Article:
A dictionary for the imagination


Book review, from Tokyo – On a rare trip out to the city, I picked up a book. On the cover, a girl in yellow boots stands in shifting rain clouds, gazing up to the thin white streaks above as birds soar past. 『風のことば 空のことば 語りかける辞典』(Kaze no kotoba sora no kotoba – katarikakeru jiten; lit. Wind words, sky words – a read-out-loud dictionary), the title suggests – Can you hear what they are saying?

Published slightly over five years after his passing, this volume is a compilation of Hiroshi Osada’s comments on the children’s poems he picked for publication in the Yomiuri Shimbun between 2004 and 2015. Verses of sensitive and acute observations of nature, things, and the human sentiment are coupled with Hideko Ise’s signature illustrations to create a truly timeless collection.

Structured like a Japanese dictionary of the simplest things from asa (morning), ame (rain), itami (pain), oishii (delicious), kaze (wind), karada (body), pensiru (pencil), to a final entry for wa, wasuremono (something forgotten), each term has multiple verses addressing different aspects, not defining but expanding the term. Just like a handy dictionary to grow our imagination and our sensitivities.

For example, Pencil – Not a tool for people to write words, but a tool to bring people to words. To the pencil, the paper says, “Write me, write me”, and when you write, the words say, “read me, read me”.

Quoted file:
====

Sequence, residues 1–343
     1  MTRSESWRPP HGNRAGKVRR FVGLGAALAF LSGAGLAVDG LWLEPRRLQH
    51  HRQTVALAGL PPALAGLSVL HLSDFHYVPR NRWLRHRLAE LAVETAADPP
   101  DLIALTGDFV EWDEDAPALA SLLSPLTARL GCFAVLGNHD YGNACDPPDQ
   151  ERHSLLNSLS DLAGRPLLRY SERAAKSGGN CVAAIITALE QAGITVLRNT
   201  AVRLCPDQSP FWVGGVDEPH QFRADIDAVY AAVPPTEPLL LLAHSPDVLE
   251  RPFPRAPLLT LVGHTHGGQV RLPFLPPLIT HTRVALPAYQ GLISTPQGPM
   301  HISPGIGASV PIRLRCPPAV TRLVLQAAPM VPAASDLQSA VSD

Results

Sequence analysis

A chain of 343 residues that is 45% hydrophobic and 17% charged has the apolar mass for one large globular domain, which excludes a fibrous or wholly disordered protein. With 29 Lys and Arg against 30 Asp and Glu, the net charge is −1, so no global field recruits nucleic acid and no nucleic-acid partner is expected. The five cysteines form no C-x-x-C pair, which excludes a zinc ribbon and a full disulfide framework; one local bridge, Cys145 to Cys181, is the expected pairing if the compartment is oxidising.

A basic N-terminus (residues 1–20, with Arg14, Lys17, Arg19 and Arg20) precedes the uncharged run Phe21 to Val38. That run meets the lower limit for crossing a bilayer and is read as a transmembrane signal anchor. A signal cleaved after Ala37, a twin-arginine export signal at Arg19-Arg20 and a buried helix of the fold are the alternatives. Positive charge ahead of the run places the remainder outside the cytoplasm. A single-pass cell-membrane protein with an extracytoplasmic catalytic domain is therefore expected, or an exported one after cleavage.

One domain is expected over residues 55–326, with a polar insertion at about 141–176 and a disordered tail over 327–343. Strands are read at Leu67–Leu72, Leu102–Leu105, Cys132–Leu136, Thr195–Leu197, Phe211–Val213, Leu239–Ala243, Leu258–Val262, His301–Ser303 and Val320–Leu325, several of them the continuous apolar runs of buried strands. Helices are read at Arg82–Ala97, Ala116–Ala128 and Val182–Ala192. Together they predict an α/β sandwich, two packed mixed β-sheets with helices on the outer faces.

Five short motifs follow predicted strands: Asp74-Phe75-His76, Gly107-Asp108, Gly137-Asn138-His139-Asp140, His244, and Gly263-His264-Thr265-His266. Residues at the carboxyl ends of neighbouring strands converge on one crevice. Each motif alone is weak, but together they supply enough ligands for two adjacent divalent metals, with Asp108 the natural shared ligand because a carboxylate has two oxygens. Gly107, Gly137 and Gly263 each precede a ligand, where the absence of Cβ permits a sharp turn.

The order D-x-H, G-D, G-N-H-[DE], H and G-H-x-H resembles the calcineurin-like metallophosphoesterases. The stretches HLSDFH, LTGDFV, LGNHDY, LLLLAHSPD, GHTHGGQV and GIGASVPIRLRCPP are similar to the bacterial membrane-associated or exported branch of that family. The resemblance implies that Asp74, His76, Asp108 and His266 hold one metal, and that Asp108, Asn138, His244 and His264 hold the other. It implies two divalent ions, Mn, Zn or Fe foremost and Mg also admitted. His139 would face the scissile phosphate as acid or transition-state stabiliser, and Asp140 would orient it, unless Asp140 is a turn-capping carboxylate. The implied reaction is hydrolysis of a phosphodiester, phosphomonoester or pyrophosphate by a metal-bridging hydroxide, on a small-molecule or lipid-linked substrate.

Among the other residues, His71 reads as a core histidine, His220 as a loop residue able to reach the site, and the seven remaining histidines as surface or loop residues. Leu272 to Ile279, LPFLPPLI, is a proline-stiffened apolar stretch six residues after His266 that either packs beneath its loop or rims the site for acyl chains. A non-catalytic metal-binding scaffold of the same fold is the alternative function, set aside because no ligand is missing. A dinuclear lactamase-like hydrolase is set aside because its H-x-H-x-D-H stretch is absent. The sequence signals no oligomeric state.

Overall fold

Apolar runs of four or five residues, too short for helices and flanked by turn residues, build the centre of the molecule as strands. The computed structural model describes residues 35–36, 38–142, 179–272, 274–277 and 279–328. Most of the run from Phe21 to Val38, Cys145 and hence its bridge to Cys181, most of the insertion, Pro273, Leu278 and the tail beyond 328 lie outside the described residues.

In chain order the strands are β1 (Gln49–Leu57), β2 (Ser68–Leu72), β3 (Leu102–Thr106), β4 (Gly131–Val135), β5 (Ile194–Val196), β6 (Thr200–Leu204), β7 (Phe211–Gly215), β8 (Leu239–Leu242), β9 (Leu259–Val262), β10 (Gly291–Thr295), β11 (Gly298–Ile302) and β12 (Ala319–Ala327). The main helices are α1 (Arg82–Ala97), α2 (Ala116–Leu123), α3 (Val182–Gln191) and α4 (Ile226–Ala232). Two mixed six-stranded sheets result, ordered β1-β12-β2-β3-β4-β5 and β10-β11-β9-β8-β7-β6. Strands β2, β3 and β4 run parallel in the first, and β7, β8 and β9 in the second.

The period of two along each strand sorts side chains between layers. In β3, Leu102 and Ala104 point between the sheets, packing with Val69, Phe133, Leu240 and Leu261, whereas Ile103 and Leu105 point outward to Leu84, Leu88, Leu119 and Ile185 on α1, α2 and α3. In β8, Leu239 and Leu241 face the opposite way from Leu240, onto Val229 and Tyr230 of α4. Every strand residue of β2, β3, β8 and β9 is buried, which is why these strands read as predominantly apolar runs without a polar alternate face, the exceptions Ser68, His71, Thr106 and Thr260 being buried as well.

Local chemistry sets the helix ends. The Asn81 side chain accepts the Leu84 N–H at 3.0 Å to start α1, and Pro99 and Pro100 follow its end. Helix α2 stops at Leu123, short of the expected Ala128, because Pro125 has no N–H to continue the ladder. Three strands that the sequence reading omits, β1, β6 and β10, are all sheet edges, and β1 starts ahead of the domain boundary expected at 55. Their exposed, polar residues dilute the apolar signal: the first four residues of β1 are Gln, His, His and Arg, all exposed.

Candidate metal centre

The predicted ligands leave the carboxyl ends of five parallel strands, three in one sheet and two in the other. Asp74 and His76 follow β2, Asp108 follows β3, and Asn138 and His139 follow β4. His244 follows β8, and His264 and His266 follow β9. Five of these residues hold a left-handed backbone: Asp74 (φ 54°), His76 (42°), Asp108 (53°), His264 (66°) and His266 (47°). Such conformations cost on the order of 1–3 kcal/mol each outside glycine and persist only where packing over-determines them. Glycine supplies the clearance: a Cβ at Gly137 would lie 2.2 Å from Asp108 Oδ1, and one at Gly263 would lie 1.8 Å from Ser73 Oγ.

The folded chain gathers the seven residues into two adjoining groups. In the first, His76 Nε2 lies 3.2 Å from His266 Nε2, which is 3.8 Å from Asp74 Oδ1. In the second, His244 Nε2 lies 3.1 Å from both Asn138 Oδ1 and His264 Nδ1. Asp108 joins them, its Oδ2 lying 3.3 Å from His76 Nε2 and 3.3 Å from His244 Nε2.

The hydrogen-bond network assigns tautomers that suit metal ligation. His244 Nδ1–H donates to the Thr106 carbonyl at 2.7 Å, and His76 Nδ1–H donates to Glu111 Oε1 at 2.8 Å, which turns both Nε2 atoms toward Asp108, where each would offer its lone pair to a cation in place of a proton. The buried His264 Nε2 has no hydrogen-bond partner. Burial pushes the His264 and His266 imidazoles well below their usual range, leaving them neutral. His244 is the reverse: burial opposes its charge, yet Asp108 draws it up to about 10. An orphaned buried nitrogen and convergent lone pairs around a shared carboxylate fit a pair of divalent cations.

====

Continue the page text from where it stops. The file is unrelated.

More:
It then extends seamlessly to writing – When you write with a brush, you will come to realize that writing means steadying your breath and channeling all your senses.

I certainly enjoyed being reminded of the most delicious taste as a child – a quick bite of a special dish before it is served. And that the two main ingredients of a tasty dish is someone to make it so and then someone to eat it so (delicious). Also, that a simple kind word lasts longer than any medication or treatment (pain). How walking in puddles after the rain is just like walking in the clouds (rain). How the wind gives the grass and trees their voices, and how the power lines howl in defiance on a windy day (wind). How you never misplace unimportant items but only those that are important, and how you’ll never forget the day you forgot something at school and went back for it when no one else was there (something forgotten).

And of course, the editors kindly remind us to read out loud to share this volume with those close by.

Title: 『風のことば 空のことば 語りかける辞典』(Kaze no kotoba sora no kotoba – katarikakeru jiten; lit. Wind words, sky words – a read-out-loud dictionary) by Hiroshi Osada, illustrated by Hideko Ise
Publisher: Kodansha Ltd., 2020

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